Problems with Oil/Water Separator Applications.
Oil/water separators are used to remove small amounts of oil and
other petroleum products from wastewaters prior to further
treatment. The military has historically purchased and installed
gravity oil/water separators under the assumption that it has
only an oil/water separation problem to solve. However, the most
common military applications seldom involve simple oil-and-water
Waste streams generated from military applications
frequently contain significant quantities of dirt, cleaning aids
(detergents, solvents), fuels, flotable debris, and various other
items common to military equipment and activities. Oil/water
separators are not designed to separate these other products.
An oil/water separator must not be used as a catch-all for wastes
generated from any maintenance activity, and maintenance
personnel need to be made aware of this fact. Improper use can
result in illegal discharges of hazardous substances to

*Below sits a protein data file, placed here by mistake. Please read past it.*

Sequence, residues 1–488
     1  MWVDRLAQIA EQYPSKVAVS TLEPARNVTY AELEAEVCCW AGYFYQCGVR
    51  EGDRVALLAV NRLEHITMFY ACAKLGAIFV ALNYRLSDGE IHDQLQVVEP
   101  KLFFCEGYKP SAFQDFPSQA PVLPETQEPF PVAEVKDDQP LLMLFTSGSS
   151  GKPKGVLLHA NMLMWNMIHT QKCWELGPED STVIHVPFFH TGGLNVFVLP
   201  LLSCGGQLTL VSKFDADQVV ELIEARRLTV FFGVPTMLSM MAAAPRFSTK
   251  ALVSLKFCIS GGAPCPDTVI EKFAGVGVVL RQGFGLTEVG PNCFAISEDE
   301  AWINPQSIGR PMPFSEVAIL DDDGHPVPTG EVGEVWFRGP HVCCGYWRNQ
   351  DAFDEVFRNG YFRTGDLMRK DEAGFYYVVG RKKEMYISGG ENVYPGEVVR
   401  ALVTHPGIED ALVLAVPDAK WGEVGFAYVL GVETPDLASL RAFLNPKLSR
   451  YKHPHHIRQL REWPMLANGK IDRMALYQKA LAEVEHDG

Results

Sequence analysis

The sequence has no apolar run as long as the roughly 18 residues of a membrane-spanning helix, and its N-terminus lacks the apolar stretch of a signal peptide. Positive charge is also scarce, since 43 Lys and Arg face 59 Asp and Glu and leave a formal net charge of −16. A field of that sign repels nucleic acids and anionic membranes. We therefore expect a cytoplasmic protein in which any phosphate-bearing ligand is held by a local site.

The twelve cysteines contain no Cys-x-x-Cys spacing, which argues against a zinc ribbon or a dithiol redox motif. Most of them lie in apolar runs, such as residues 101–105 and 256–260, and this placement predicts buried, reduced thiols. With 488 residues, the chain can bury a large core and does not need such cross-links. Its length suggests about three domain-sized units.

stormwater systems or WWTPs. Even when discharges are not
illegal, misuse of these systems can upset treatment plants,
cause discharge permit violations, increase sludge disposal
costs, and eliminate beneficial reuse of wastewater or sludge.
The following factors directly affect the efficiency,
use, and management of oil/water separators: frequency and
intensity of influent flow, design capacity, emulsifying agents,
other contaminants contained in the waste stream. Installation
personnel should be familiar with these factors so they properly
design, select, install, operate, and maintain these systems.
A separator that is being used improperly should be reported to
the environmental office.
Frequency and Intensity of Flow. The longer the
residence time of the waste stream in the oil/water separator,
the more efficient it will be at separating oil. Contaminated
water enters a receiving chamber of the separator where the flow
velocity of the wastewater is reduced, thereby allowing heavy
solids to settle while larger oil droplets float to the top of
the compartment. Further separation continues in a separation
chamber where smaller droplets of oil separate from the water and
join the larger droplets previously separated. The oil layer
that has accumulated on the top of the water spills over an oil
skimmer into a holding area; the wastewater then flows, or is
pumped, to the stormwater or sanitary sewer system.
A longer separation time increases the efficiency of
the oil/water separator by allowing a greater amount of oil to
rise to the top of the wastewater. Therefore, restricting the